The recent publication of the long-awaited National Bus Strategy for England is welcome news, providing much clarity for a beleaguered sector. However, the proof will be in the pudding as we wait for strategy to be translated into tangible policy that can address the industry’s key concerns, says Society of Motor Manufacturers and Traders (SMMT) CV Section Manager Nigel Base.
The COVID effect and the National Bus Strategy
For over a year now, bus operators and manufacturers have struggled with depleted passenger numbers and order books with little to no support. To use a familiar analogy, it seems we’ve been waiting so long at the stop for the bus to arrive that we’ve gone from a light drizzle of a sector coping with inconsistent funding and decreasing ridership, to the full on torrential downpour of a pandemic and plunging passenger numbers.
So after persistent campaigning and conversations with government, we’re glad to have our sector put back on the priority list. We now have a plan in Bus Back Better that has the potential to boost revenue for operators, bring passengers back to buses, boost manufacturing, and which offers an opportunity for an essential sector to play its part in decarbonising the economy.
However, crucial to the execution of this vision will be the delivery of tangible policy that actually helps instil confidence in operators, manufacturers and passengers alike.
Boris’s £3bn and the Bus Strategy: It’s all in the timing
It’s one thing to have £3bn in funding pledged to us in the strategy – but the key question is when the industry will be able see it. The pandemic has hit both coach and bus manufacturers and, importantly, their integrated supply chains, as social distancing measures and regional and national lockdowns shrunk the market.
The UK is a bedrock for manufacturing with international experience and ambitions, but if demand remains low for another six months or a year, we risk damaging both the long-term prospects and the UK’s position as global leader.
While we recognise that government finances and the entire economy are stretched like never before, the sector cannot and must not have to wait even longer for the funding to be made available. It needs to be now, not next year.
With lockdowns hopefully lifting over the coming months, investing now gives us a chance to put buses back in the public’s mind before they risk forgetting us forever. It’s hard to believe but it’s been over a year since the Prime Minister first promised us 4,000 new zero emission buses.
We cannot wait another year for these to be delivered; this pledge must be translated into orders so that investment in developing these new technologies stays in the UK.
Infrastructure to build back greener: Uplift required
Although every manufacturer already builds ultra-low- and zero-emission buses, we need a significant uplift in planning and infrastructure to accommodate new fleets of battery-electric and hydrogen fuel cell-electric buses, if we are to roll out the volumes required to drive change.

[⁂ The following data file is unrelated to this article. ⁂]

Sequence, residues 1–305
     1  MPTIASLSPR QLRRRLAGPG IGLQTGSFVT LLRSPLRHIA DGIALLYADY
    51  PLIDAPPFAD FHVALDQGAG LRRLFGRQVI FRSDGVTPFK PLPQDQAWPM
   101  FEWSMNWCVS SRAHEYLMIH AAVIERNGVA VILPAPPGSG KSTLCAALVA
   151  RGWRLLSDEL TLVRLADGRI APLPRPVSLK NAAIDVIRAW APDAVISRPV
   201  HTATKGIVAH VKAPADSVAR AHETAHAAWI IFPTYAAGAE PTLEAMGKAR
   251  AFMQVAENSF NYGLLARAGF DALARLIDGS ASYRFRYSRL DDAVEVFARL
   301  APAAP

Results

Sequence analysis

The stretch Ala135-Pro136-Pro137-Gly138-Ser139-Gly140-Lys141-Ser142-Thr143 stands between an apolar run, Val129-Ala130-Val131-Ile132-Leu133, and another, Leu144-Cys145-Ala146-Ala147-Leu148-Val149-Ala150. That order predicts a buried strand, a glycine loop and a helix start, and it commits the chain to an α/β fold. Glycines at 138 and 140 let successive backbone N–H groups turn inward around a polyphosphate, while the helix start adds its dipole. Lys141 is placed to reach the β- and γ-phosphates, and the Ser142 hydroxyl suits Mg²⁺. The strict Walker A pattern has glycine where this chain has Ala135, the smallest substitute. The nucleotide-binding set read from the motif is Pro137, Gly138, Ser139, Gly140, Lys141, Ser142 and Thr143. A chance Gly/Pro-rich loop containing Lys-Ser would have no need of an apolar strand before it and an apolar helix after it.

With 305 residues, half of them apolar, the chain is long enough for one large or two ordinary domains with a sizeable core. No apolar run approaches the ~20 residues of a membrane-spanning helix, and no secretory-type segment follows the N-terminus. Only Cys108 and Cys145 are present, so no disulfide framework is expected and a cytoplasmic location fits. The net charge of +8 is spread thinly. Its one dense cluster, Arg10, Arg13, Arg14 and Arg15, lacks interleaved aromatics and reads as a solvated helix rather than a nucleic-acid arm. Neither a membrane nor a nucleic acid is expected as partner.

That means a cohesive approach to charging and refuelling, one that takes into account both urban and rural environments and which offers equal opportunity for fleet renewal in all areas of the country.
The average lead-time for a new coach or bus is six to nine months, with similar timings for new charging or refuelling stations.
If we want to drive fleet renewal, we need to gather all stakeholders at the table to start planning without further delay. Putting these plans into actions is the best way to demonstrate steadfast commitment to decarbonisation.
As only around 2% of England’s bus fleet is fully zero-emission today, with most of these vehicles either diesel-electric hybrid or gas-powered, fleet renewal that puts more of the latest, greenest buses on the road is essential for delivering shared joint green ambitions in the year the UK hosts the COP26 climate change conference.
Government must not leave the coach sector behind
With people’s livelihoods on the line, it’s important to remember that the National Bus Strategy, although ambitious and much-needed, does not mention the coach industry, which also faces a crisis deepened by more than a year of lockdown restrictions.
The UK coach sector is made up of some 3,000 operators, mostly family-run businesses that have had to stop operations entirely for most of 2020. The coach industry provides jobs to some 42,000 workers, contributing £14bn a year to British tourism; nationwide recovery must include a plan for this sector too.
A long Road to Zero lies ahead
We have a map with a destination. Now we need a route, so that bold ideas are turned into tangible results that boost business for operators and manufacturers alike while driving sustainable, accessible mobility for all.
If we are to continue to attract investment in a highly competitive international market, as well as keeping us on track to meet our joint net zero goals, we need to view this strategy as a stepping stone to something bigger. SMMT will continue to work with government and all stakeholders to ensure Bus Back Better can deliver for the coach and bus sector.
To learn more about the SMMT and its members, please visit www.smmt.co.uk